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Drawing a Mind Map with Force Directed Graphs

Patrick Hund
Software engineer, cartoonist, electronic music producer. He/him.
Updated on ・5 min read

I'm building a social media network and collaboration tool based on mind maps, documenting my work in this series of blog posts. Follow me if you're interested in what I've learned along the way about building web apps with React, Tailwind CSS, Firebase, Apollo/GraphQL, three.js and TypeScript.

In the previous part I, part II and part III, I've found out how to render React components on sprites in three.js and connect them with lines to make up a mind map that's nested two levels deep.

There's Got to Be a Better Way

I've been thinking about the solution I have this far. It is renders mind maps with a depth of two levels, and already it becomes clear that drawing a graph like this is not easy (it is mathematically speaking a graph).

I ultimately want my mind map to be potentially hundreds of levels deep and have thousands of nodes. To calculate the position of the nodes so that the don't overlap is a nontrivial problem.

A Facebook friend pointed me to the wikipedia article about graph drawing (thanks, Stefan!). It discusses different layout methods. This one seems to be the most appropriate for drawing a mind map:

In force-based layout systems, the graph drawing software modifies an initial vertex placement by continuously moving the vertices according to a system of forces based on physical metaphors related to systems of springs or molecular mechanics. Typically, these systems combine attractive forces between adjacent vertices with repulsive forces between all pairs of vertices, in order to seek a layout in which edge lengths are small while vertices are well-separated.

This is what it looks like (with tons and tons of nodes):

Alt Text

Martin Grandjean • CC BY-SA 3.0

Note quite what I'm aiming at, but I think I can make this work for me.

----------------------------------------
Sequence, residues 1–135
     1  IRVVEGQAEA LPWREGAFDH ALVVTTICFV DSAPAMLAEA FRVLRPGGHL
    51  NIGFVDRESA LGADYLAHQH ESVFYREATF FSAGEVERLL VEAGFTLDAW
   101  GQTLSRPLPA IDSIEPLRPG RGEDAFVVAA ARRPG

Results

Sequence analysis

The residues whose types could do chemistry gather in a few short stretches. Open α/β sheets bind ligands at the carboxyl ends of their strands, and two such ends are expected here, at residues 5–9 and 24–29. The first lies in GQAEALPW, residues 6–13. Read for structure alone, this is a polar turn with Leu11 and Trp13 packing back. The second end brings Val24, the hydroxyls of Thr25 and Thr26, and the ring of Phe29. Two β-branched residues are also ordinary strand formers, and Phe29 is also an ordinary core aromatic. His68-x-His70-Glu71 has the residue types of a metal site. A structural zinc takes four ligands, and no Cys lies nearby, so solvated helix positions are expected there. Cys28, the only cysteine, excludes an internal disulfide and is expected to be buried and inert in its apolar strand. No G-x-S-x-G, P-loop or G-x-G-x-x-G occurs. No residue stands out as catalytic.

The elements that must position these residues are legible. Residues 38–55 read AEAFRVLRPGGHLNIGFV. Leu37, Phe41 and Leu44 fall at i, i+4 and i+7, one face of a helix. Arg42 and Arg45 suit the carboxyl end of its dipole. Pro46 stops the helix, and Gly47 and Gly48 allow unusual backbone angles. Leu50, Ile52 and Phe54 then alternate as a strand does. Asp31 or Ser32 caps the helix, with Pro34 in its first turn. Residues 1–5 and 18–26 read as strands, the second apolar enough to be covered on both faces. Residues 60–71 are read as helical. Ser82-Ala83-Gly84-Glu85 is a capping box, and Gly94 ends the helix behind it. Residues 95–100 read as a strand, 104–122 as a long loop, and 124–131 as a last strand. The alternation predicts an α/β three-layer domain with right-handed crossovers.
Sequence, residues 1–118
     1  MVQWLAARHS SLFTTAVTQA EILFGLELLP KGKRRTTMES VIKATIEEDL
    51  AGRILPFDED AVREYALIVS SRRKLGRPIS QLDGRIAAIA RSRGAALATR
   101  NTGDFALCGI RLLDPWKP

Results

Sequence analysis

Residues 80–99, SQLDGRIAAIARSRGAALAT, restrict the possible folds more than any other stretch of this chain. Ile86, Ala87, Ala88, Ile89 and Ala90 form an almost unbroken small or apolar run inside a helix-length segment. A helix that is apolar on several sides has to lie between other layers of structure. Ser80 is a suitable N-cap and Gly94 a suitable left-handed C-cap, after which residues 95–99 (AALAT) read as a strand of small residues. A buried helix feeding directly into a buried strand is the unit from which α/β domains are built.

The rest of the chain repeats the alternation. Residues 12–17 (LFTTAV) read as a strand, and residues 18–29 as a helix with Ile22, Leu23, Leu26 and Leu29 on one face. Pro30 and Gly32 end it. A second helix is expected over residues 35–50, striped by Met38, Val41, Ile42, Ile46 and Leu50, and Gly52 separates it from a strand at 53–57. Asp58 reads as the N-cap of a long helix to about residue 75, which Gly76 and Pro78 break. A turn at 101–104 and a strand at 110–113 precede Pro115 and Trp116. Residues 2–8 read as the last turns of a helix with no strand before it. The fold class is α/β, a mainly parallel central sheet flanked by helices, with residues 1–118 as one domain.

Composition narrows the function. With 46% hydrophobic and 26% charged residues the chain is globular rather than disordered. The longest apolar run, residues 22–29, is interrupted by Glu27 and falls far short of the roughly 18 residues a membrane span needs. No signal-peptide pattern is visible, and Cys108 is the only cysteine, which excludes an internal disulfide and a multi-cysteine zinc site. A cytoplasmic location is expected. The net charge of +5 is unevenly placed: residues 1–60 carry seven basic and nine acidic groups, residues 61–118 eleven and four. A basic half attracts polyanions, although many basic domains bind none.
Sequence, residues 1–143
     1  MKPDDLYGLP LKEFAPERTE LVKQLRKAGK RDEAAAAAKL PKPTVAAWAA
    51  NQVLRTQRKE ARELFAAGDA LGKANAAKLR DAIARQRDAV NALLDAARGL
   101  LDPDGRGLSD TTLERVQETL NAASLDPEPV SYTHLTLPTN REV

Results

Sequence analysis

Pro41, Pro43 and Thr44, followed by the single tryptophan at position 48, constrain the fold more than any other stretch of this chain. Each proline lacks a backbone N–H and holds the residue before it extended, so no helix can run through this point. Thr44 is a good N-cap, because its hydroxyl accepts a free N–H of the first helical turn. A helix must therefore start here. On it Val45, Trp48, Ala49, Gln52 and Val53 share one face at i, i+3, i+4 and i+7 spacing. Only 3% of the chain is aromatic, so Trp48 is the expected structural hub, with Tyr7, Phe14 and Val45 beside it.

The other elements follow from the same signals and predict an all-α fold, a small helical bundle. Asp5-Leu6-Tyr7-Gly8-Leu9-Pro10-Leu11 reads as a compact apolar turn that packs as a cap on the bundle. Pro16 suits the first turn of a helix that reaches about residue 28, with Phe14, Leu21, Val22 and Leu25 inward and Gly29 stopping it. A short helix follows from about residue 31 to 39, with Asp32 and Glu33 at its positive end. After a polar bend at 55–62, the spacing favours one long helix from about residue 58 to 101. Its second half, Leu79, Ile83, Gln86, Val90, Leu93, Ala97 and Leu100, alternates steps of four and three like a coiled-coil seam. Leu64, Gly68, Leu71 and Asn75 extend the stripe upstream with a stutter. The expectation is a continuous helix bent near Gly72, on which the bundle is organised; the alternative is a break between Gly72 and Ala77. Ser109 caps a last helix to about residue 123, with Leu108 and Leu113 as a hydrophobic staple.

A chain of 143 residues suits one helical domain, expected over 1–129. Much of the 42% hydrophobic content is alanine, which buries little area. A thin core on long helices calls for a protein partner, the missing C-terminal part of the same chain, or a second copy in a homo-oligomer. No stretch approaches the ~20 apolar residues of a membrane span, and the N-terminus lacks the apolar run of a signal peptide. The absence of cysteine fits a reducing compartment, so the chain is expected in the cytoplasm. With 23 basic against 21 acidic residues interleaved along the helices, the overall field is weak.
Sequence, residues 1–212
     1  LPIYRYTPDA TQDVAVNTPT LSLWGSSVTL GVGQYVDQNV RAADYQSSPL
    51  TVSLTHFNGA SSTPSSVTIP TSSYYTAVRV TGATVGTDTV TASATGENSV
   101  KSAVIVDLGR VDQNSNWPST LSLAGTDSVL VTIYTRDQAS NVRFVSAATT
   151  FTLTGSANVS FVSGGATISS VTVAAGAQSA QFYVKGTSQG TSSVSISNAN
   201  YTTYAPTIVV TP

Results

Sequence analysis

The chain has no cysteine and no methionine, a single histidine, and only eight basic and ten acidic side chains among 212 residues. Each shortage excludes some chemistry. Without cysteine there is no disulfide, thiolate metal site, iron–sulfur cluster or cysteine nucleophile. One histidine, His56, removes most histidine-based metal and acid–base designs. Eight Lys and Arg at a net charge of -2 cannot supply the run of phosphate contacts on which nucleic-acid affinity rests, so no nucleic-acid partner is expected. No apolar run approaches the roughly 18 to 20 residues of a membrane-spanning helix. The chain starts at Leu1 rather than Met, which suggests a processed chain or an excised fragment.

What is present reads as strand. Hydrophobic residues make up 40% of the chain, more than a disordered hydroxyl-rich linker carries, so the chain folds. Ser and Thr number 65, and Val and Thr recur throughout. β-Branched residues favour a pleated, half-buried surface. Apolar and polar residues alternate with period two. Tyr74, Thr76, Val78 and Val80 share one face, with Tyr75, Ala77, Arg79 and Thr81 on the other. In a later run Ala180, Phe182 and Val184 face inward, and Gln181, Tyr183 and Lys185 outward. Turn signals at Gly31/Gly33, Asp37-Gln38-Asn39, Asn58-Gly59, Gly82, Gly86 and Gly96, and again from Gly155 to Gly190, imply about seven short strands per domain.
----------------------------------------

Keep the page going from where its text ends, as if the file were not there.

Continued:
Using three-forcegraph

Dev.to user crimsonmed pointed me to an implementation of force-directed graphs for three.js: three-forcegraph – thanks Médéric!

To use three-forcegraph, I have to reformat the JSON file with my mind map data:

data.json

{
  "nodes": [
    { "id": "1", "name": "Interests", "val": 64 },
    { "id": "2", "name": "Music", "val": 32 },
    { "id": "3", "name": "Graphic Design", "val": 32 },
    { "id": "4", "name": "Coding", "val": 32 },
    { "id": "5", "name": "Piano", "val": 16 },
    { "id": "6", "name": "Guitar", "val": 16 },
    { "id": "7", "name": "Electronic", "val": 16 },
    { "id": "8", "name": "Procreate", "val": 16 },
    { "id": "9", "name": "Photoshop", "val": 16 },
    { "id": "10", "name": "Illustrator", "val": 16 },
    { "id": "11", "name": "Sketch", "val": 16 },
    { "id": "12", "name": "React", "val": 16 },
    { "id": "13", "name": "TypeScript", "val": 16 },
    { "id": "14", "name": "GraphQL", "val": 16 },
    { "id": "15", "name": "Firebase", "val": 16 },
    { "id": "16", "name": "Tailwind CSS", "val": 16 },
    { "id": "17", "name": "Computer Graphics", "val": 16 },
    { "id": "18", "name": "Ableton Live", "val": 8 },
    { "id": "19", "name": "Reason", "val": 8 },
    { "id": "20", "name": "Phaser", "val": 8 },
    { "id": "21", "name": "Three.js", "val": 8 }
  ],
  "links": [
    { "source": "1", "target": "2" },
    { "source": "1", "target": "3" },
    { "source": "1", "target": "4" },
    { "source": "2", "target": "5" },
    { "source": "2", "target": "6" },
    { "source": "2", "target": "7" },
    { "source": "3", "target": "8" },
    { "source": "3", "target": "9" },
    { "source": "3", "target": "10" },
    { "source": "3", "target": "11" },
    { "source": "4", "target": "12" },
    { "source": "4", "target": "13" },
    { "source": "4", "target": "14" },
    { "source": "4", "target": "15" },
    { "source": "4", "target": "16" },
    { "source": "4", "target": "17" },
    { "source": "7", "target": "18" },
    { "source": "7", "target": "19" },
    { "source": "17", "target": "20" },
    { "source": "17", "target": "21" }
  ]
}
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While previously, the nodes were linked through a parent property, now the nodes and the links between them are defined as separate arrays.

My renderMindMap for now simply throws the data in a ThreeForceGraph object and renders it:

function renderMindMap(div) {
  const { scene, renderer, camera } = initializeScene(div);
  const graph = new ThreeForceGraph().graphData(data);
  graph.numDimensions(2);
  scene.add(graph);
  camera.lookAt(graph.position);

  (function animate() {
    graph.tickFrame();
    renderer.render(scene, camera);
    requestAnimationFrame(animate);
  })();
}
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Note the line graph.numDimensions(2) – it's important, because by default, the graph will be three-dimensional, which is not suitable for a mind map and would lead to nodes that appear to overlap.